Third, despite the equivocal nature of scientific evidence, even on frequently studied outcomes such as cancer, fractures, cardiovascular health and all-cause mortality,32 ,36 ,37 media coverage overall suggested an established link between vitamin D and multiple health conditions beyond these. However, potential harm of excessive vitamin D levels and supplementation was very rarely discussed. Therefore, vitamin D supplementation was constructed as risk-free and as providing myriad potential health benefits.
This study is one of few to study media representations of vitamins or supplements. Our findings are consistent with other research of media coverage of health issues, which has shown that news stories about medicine and health emphasise potential benefits and downplay potential harms and limitations.48 ,49 Our results also indicate that media coverage was inconsistent and at times contradictory—which, given the state of the science, is not surprising. For example, articles reported inconsistent daily intake recommendations, which may create confusion among readers.19 Recent research has also shown both health professionals and the general public are uncertain about many aspects of vitamin D, including how much is needed per day and how much can be easily obtained through natural sources.50
Overall, results of the content analysis demonstrate that the print news media often frame vitamin D and supplementation in terms of the health benefits of vitamin D for everything. While some articles did include qualifying details regarding potential risks and the need for additional research, the positive framing of vitamin D in news articles draws readers’ attention towards supplementation while downplaying these risks.15 This framing may resonate particularly with readers who were already inclined towards vitamin supplementation, thus providing them little reason to not supplement.14
We know the media is a powerful, persuasive source of health information.51 ,52 Given our findings that the popular press has been consistently endorsing supplementation, it seems reasonable to conclude the popular press is, at least in part, helping to fuel the demand for vitamin D supplements and to the confusion about its value. This framing of vitamin D supplementation may be interacting with salient ideas about the need to take responsibility for one's health, which is often demonstrated through consumer behaviour and other health-related decisions.12 ,13 However, the actual impact of media on public perceptions was beyond the scope of this study and could be the subject of future research. Our study also highlights the need for good, independent and reliable sources of health information that present a more nuanced and contextualised picture of the relevant science.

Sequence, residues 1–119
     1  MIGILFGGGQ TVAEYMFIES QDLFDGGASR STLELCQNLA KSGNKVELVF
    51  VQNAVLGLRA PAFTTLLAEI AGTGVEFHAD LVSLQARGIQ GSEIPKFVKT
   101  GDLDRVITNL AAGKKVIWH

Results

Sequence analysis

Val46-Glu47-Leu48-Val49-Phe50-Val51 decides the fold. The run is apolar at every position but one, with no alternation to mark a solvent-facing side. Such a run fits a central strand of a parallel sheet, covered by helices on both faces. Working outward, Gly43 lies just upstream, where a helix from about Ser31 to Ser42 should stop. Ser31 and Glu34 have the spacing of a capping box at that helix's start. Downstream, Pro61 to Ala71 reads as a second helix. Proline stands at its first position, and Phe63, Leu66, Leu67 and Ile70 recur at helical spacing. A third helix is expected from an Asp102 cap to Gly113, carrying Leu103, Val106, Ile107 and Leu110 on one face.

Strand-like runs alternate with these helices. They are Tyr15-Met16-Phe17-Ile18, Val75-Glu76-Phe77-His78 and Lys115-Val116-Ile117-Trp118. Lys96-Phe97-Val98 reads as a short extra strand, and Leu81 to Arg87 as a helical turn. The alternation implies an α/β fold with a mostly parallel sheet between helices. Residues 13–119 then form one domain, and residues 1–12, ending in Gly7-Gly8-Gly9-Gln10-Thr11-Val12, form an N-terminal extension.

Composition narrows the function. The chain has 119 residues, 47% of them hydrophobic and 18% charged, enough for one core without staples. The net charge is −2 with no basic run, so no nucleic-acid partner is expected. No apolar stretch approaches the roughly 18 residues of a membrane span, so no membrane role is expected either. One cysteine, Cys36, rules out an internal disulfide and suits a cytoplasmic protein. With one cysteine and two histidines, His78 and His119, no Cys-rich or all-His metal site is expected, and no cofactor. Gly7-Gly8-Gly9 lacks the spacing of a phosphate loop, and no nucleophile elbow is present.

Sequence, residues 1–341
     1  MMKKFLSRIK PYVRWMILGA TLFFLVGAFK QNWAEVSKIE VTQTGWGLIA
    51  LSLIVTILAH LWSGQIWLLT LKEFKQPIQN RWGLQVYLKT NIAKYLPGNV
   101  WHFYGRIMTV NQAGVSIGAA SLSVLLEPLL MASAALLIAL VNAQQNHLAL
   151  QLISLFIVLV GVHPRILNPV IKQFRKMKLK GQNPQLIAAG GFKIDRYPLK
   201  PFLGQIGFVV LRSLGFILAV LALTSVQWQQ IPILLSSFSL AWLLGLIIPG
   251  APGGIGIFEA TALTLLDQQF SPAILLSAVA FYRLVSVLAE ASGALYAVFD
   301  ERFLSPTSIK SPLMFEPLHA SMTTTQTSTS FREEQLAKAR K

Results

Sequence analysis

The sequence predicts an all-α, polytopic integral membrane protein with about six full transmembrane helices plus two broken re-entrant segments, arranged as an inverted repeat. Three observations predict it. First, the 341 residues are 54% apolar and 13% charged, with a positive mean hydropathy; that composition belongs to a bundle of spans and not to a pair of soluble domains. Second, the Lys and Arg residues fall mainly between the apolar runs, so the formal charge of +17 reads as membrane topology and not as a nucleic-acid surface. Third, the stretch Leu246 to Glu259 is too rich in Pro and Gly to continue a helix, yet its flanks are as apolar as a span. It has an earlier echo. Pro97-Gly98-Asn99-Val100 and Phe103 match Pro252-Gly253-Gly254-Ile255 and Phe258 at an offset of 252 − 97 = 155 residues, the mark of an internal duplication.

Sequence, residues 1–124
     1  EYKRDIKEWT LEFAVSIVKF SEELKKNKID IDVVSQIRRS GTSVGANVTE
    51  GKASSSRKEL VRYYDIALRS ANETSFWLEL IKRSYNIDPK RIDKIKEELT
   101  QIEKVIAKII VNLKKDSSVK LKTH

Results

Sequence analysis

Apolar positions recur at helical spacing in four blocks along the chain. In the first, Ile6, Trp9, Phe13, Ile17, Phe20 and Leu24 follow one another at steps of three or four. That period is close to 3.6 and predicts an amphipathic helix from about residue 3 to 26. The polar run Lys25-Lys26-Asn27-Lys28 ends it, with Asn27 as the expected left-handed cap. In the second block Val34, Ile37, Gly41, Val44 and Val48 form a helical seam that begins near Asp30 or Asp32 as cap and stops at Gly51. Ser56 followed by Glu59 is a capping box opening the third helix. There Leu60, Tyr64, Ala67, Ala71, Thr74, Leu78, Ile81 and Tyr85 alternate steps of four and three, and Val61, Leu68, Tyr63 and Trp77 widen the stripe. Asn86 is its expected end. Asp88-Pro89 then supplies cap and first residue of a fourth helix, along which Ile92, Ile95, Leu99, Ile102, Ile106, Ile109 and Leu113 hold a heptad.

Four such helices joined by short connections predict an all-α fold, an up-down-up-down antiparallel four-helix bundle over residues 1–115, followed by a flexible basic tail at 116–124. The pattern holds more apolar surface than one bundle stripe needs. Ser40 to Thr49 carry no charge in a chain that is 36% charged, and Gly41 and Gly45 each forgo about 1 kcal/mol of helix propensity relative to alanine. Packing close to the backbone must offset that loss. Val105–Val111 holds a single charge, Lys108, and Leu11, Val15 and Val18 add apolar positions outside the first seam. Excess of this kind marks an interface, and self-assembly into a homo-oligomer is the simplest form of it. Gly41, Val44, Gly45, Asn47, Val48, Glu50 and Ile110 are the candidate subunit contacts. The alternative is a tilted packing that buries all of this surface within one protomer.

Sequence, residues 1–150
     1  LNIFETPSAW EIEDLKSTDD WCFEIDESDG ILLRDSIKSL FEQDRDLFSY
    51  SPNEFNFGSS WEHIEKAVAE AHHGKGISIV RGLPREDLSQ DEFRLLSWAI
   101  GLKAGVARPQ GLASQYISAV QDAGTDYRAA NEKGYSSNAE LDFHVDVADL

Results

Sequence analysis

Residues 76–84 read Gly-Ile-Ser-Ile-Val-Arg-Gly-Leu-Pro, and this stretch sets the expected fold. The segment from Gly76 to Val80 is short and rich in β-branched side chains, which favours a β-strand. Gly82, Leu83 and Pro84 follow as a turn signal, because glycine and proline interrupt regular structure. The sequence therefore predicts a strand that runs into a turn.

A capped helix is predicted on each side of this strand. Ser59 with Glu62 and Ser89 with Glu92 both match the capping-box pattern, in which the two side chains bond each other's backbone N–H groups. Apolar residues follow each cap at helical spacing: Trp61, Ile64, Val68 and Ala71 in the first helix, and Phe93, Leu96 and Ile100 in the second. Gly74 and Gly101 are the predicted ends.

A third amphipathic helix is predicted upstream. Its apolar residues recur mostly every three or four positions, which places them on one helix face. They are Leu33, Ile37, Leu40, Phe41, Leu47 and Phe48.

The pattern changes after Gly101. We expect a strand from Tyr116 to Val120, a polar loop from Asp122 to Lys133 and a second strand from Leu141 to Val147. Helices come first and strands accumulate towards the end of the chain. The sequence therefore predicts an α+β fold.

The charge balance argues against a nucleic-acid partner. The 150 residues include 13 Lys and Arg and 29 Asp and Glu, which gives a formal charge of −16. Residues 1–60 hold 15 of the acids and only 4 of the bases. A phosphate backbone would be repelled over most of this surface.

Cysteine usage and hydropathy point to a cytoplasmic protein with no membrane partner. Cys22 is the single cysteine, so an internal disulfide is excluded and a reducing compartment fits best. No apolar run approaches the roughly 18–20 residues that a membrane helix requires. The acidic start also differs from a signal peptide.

Implications for future research
This study examined a large number of print news articles but it is important to note potential limitations. For example, we did not examine the content or influence of popular vitamin D information websites such as http://www.vitamindcouncil.org or of social media outlets such as Facebook, YouTube and Twitter. However, social media are becoming an increasingly important source of health information for the general public.53–55
Therefore, future research should examine how vitamin D is represented in social media and on popular health-related information websites to determine how the general public integrates and makes sense of these diverse sources of information. It would also be important to examine the public's perceptions of the relationship between vitamin D and health and their beliefs about supplementation. Bennett and colleagues50 provide an important starting point and future research could examine more explicitly what messages the general public takes home from media coverage of vitamin D. Finally, future research that captured the perspectives of health professionals would be important.
This research was generously supported by the Trudeau Foundation and the Canada Research Chairs Program. The authors would like to thank Brice Goldfeldt and Frances Wallace for their assistance in coding the data, Sean Stolp for his assistance with analysis, Kalina Kamenova for her contribution to the coding framework, and the University of Alberta's Health Law Institute for administrative support.
Contributors TC conceptualised the study and assisted with analysis. MC collected, coded and contributed to analysis. CR contributed to analysis. TC, MC, JPM, CR and CJF reviewed data and contributed to writing the manuscript.
Funding This research received no specific grant from any funding agency in the public, commercial or not-for-profit sectors.
Competing interests None.
Provenance and peer review Not commissioned; externally peer reviewed.
Data sharing statement Data set consisting of coded articles available on request from the corresponding author Tim Caulfield; email@example.com.